Clara was fascinated. She wondered what it would be like to spend her days in the streets and parks of London, instead of learning lessons in a schoolroom.
She watched until the show came to an end. The audience applauded. The red-haired girl picked up a brightly painted box and went to collect the coins from the crowd. Clara fumbled in her purse until she found a half crown. She wished it were a sovereign. The red-haired girl accepted it with a little curtsy. She met Clara's eyes and smiled.
It was an extraordinarily friendly smile. Clara was struck to the heart. Improbable as it might seem, this girl who was graceful and clever and older than she liked her. Of the seventeen children who were coming to her birthday party, there was not one, Clara felt, who really liked her. They were the children of her parents' friends, who lived in Chester Square. Clara thought them dull, and she suspected that they pitied her and thought her queer. But the red- haired girl liked her. Of that Clara was sure. She had scarcely had time to tell the girl how much she had enjoyed the show before the puppet master sidled over. He bowed before Clara, a florid showman's bow: knee bent, wrists cocked, toe flexed. A dirty handbill materialized between his fingertips. He stayed frozen in his jester's position until Clara ventured forward and took the handbill. There was something unnerving about the fixed grin on his face. Clara felt that in drawing near to him, she was being a little bit brave.
That night, she gave the handbill to her father and begged to have the puppets at her birthday party.
Dr. Wintermute refused. Professor Grisini was a foreigner; foreigners were invariably dirty and often ill. Clara pleaded. Dr. Wintermute said that the whole thing was out of the question.
Clara, accepting defeat, did not argue, but she wept. That settled matters. Spoiled or not, Clara did not cry often. When she did, she generally got her way.
Thinking about the children coming made Clara forget to be as steady as a rock. She twitched, shifting her weight to the balls of her feet.
"Hold still, Miss Clara!" snapped Agnes.
Clara stiffened. She lowered her lashes and raised the corners of her mouth, so that she didn't look sullen. Neither Agnes nor her governess had any patience with sulking. Clara had, in fact, practiced her present expression in the mirror. It was a neutral expression, a coy mask of a smile. Over the years, it had served her well.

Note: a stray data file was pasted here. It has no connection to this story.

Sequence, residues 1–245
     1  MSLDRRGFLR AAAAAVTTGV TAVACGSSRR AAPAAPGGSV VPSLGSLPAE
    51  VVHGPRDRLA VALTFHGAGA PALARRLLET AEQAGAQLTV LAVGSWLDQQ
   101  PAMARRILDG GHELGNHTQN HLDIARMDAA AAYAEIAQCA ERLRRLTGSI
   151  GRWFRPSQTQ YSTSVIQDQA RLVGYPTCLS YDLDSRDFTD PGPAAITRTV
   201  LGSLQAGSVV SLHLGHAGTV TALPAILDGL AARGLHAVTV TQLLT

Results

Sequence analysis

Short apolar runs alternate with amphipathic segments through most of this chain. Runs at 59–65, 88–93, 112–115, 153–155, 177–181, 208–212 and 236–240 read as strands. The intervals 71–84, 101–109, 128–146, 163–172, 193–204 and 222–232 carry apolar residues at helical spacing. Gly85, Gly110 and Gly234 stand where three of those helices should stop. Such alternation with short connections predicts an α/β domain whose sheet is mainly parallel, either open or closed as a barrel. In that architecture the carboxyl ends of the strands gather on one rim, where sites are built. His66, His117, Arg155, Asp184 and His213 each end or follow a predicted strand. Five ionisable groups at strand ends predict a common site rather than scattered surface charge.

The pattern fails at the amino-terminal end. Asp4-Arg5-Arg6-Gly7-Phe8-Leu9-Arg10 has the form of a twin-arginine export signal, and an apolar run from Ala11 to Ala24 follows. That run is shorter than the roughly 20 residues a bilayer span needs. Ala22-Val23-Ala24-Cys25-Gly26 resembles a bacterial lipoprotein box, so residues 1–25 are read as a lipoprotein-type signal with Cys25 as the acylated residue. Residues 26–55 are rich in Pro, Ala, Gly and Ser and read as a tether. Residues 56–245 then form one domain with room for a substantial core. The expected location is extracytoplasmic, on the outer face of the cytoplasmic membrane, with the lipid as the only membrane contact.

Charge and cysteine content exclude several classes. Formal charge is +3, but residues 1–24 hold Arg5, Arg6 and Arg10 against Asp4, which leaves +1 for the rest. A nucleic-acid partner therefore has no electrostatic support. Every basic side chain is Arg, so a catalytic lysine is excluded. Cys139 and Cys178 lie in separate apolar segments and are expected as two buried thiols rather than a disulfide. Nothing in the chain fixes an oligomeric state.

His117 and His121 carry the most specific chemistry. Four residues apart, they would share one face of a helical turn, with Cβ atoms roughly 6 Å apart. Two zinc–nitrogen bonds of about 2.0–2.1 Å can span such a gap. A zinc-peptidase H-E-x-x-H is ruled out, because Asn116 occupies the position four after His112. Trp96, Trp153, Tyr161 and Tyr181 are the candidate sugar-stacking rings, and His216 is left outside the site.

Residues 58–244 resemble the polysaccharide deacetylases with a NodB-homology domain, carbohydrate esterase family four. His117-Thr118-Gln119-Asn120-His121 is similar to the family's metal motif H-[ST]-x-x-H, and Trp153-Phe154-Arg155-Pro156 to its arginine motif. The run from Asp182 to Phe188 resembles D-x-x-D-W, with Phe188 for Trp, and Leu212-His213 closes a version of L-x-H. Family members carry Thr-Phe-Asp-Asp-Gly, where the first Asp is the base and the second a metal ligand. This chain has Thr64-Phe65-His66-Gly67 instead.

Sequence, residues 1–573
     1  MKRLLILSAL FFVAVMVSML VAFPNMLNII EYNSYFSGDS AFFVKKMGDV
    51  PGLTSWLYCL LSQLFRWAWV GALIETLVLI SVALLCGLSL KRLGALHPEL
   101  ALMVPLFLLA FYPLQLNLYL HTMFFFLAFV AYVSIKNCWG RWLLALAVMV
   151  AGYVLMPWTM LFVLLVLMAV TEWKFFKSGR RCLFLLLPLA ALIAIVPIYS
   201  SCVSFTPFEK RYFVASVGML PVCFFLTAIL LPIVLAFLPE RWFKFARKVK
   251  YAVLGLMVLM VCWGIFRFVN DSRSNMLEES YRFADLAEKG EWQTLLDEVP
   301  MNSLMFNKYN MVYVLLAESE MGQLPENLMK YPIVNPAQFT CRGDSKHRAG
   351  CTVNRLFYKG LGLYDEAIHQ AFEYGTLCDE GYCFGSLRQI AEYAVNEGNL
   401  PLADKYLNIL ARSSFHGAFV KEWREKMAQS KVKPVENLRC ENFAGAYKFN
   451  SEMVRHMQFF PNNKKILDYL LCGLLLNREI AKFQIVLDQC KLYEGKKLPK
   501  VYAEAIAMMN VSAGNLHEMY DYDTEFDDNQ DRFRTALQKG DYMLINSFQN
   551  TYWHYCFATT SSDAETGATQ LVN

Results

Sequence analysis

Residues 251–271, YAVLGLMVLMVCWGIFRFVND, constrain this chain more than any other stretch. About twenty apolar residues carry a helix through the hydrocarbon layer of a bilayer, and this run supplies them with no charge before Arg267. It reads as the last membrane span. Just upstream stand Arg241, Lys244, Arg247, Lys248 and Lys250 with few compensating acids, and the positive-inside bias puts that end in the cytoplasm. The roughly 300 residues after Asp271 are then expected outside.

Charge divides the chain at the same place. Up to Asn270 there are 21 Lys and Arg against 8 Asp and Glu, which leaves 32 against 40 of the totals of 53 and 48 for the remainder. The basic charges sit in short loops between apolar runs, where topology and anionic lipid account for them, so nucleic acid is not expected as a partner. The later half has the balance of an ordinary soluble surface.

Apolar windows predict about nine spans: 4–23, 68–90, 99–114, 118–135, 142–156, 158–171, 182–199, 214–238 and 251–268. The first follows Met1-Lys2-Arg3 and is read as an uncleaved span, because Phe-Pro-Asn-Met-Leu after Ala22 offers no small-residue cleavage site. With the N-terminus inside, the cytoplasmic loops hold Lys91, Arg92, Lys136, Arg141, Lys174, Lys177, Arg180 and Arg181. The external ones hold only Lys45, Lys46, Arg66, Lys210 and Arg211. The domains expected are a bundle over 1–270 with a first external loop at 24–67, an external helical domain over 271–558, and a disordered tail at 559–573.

"Your mother wants you dressed and ready to go by nine o'clock," Agnes said after completing another ringlet. "She said you should wear the blue cashmere and your sealskins. It'll be cold at Kensal Green."
" Thank you, Agnes," said Clara. The expression on her face was sweetly placid. No one must ever guess how much she hated going to Kensal Green.
"Cook's been busy all morning, decorating your birthday cake" Agnes brushed another ringlet around her finger "and your mother had so many presents to wrap, she asked the maids to help her. I don't know what a little girl can want with so many presents."
Clara hesitated. " Agnes, do you know ?"
The words hung fire. Agnes gave one shoulder a shove. "Out with it."
"If she bought presents for the Others?"
Agnes took in her breath and let it out again. "If you mean your brothers and sisters, yes, she did, Miss Clara, and there's no point in you staring down at the floor and pouting."
"I'm not pouting," Clara protested softly. She lifted her chin and resumed her doll-like smile. Her cheeks burned. She didn't want the Others to be part of her birthday. She was ashamed, but she couldn't help herself.
Excerpted from Splendors and Glooms by Laura A Schlitz. Copyright © 2012 by Laura A Schlitz. Excerpted by permission of Candlewick Press. All rights reserved. No part of this excerpt may be reproduced or reprinted without permission in writing from the publisher.
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